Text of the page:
While many view the global financial crisis as little more than an argument between “austerity” and government spending, the historian Niall Ferguson argues that there is a much bigger issue at hand, namely, that governments have allowed “the current generation of voters to live at the expense of those as yet too young to vote or as yet unborn.”
Indeed, many politicians and economists think of the growing debt in the U.S. and the E.U. as something of an inexplicable phenomenon rather than what it really is: the product of human choice. Ferguson argues that the system and the people in charge brought us here.
the austerity measures outside the Greek parliament in Athens on November 15.
So young voters need to become more proactive and engaged, right? After all, they're the ones who will have to pay for all of this. There are two problems with this: a) young voters are rarely engaged because they don't understand the stakes and b) young voters rarely understand the stakes because governments do a poor job of reporting the actual cost of their policies.
“[O]fficial debts in the form of bonds do not include the often far larger unfunded liabilities of welfare schemes like -- to give the biggest American schemes -- Medicare, Medicaid and Social Security,” Ferguson writes, referring to the fact that most “official” government figures regarding debt are terribly misleading.
The most recent estimate for the difference between the net present value of federal government liabilities and the net present value of future federal revenues is $200 trillion, nearly thirteen times the debt as stated by the U.S. Treasury.
Notice that these figures, too, are incomplete, since they omit the unfunded liabilities of state and local governments, which are estimated to be around $38 trillion.
The frightening thing about these figures is what they represent: retiring generations sticking younger (and yet-to-be-born) generations with massive bills. Because of the spending habits of today, the generations of tomorrow will have to find ways to pay for everything -- and it’ll either be through higher taxes or massive cuts in public spending.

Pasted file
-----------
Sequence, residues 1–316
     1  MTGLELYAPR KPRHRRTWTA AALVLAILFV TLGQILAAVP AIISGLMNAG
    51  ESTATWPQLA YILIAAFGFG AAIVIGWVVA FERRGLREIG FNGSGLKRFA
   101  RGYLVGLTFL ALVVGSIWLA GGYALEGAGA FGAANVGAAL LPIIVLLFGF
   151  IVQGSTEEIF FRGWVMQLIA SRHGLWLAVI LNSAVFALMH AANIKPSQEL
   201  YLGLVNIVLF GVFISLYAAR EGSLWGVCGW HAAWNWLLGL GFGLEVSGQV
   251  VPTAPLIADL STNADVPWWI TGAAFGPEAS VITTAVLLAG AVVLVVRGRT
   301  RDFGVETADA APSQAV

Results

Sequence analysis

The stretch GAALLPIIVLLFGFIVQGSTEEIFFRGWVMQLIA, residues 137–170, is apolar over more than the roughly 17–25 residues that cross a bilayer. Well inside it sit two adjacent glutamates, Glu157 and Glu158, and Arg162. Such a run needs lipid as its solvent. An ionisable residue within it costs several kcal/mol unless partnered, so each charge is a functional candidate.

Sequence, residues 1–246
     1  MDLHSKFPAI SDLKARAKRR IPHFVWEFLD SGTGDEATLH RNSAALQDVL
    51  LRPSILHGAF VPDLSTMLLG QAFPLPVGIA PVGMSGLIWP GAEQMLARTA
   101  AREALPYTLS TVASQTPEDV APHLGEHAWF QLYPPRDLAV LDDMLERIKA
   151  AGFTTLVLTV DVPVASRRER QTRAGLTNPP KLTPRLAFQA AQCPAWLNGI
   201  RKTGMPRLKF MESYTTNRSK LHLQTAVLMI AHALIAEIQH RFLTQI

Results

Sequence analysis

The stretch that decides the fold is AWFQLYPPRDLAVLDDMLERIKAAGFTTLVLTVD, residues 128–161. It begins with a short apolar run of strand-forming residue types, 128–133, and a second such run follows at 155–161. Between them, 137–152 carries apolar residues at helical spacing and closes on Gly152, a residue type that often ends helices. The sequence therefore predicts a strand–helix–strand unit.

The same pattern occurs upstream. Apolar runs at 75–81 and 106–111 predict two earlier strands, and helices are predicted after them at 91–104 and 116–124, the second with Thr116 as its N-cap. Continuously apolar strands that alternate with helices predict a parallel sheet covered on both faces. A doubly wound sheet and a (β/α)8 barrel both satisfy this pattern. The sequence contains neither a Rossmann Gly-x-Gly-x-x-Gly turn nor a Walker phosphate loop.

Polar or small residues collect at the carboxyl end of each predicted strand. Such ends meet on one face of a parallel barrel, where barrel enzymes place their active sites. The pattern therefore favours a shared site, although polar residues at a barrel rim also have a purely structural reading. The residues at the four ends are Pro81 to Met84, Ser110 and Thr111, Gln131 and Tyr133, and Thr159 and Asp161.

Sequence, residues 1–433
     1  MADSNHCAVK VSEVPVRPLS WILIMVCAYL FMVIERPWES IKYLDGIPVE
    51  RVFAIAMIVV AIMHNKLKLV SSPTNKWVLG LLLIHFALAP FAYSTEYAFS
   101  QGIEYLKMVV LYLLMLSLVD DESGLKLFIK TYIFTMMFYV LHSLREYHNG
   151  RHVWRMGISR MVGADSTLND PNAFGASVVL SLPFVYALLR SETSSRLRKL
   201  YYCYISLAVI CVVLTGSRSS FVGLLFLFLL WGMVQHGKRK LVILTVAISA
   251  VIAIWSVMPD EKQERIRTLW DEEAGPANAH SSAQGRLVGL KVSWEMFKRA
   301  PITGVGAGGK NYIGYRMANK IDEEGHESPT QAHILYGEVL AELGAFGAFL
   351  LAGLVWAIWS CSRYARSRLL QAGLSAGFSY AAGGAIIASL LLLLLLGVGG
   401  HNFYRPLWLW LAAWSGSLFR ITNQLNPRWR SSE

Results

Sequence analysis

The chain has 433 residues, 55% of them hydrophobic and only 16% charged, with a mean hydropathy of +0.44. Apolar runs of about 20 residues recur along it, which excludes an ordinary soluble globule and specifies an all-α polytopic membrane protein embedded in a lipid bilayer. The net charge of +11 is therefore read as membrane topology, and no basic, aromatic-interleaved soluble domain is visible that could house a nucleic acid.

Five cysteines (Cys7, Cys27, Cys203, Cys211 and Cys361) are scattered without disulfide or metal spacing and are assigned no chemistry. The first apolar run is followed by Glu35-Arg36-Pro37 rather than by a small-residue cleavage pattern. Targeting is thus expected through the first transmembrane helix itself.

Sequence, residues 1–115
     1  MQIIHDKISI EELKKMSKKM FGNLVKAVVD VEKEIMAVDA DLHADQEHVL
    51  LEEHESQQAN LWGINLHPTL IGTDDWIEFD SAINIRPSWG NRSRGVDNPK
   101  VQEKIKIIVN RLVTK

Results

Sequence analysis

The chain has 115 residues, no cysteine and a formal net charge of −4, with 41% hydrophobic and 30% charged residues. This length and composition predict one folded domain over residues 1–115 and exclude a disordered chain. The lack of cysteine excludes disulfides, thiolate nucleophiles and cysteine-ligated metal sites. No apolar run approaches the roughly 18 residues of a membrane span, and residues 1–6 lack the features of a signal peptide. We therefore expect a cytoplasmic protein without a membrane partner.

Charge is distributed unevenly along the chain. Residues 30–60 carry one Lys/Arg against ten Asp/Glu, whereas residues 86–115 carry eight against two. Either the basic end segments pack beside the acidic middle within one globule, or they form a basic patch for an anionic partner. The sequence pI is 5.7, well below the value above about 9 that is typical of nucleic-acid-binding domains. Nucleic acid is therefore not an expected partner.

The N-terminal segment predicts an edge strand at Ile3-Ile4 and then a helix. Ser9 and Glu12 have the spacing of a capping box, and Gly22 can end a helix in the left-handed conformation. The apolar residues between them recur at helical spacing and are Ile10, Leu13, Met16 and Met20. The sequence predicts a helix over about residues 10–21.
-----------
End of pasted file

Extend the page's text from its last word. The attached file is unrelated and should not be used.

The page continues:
Ferguson argues that the best way to approach the problem of unsustainable debt is to restore the “social contract,” as Edmund Burke referred to it, between generations. See, the contract is not just between citizens here and now but it’s also a contract with those who came before us and those who will come after us. What we see in these massive national debts is, as Ferguson writes, “a shocking and perhaps unparalleled breach of precisely that partnership.”
Clearly, this must change. One generation cannot rob from the next, otherwise the entire contract, the whole purpose of coming out of Hobbes' "jungle," falls to pieces. Strong leaders must attempt to reign in this "generational theft."
Niall Ferguson (image courtesy BBC)
There are different ways this can shake out. Obviously, the most desirable scenario would be one where "the proponents of reform succeed, through a heroic effort of leadership, in persuading not only the young but also a significant proportion of their parents and grandparents to vote for a more responsible fiscal policy,” he writes.
Of course, how do you do this when younger generations don’t fully grasp the long-term consequences of present-day spending policies?
Ferguson has two suggestions:
Public sector balance sheets can - and should be - drawn up so that the liabilities of governments can be compared with their assets.
That would help clarify the difference between deficits to finance investment and deficits to finance current consumption. Governments should also follow the lead of business and adopt the Generally Accepted Accounting Principles.
And, above all, generational accounts should be prepared on a regular basis to make absolutely clear the inter-generational implications of current policy.
Active engagement, strong leadership, and actual transparency on spending policies can help restore the contract between generations. But most importantly, it comes down to people. Individuals must make themselves responsible for the spending of their generations and reign in their own governments.
“We blame the politicians whose hard lot it is to bring public finances under control, but we also like to blame bankers and financial markets, as if their reckless lending was to blame for our reckless borrowing,” Ferguson writes.
“We bay for tougher regulation, though not of ourselves,” he adds.
Front page photo source: Washington Times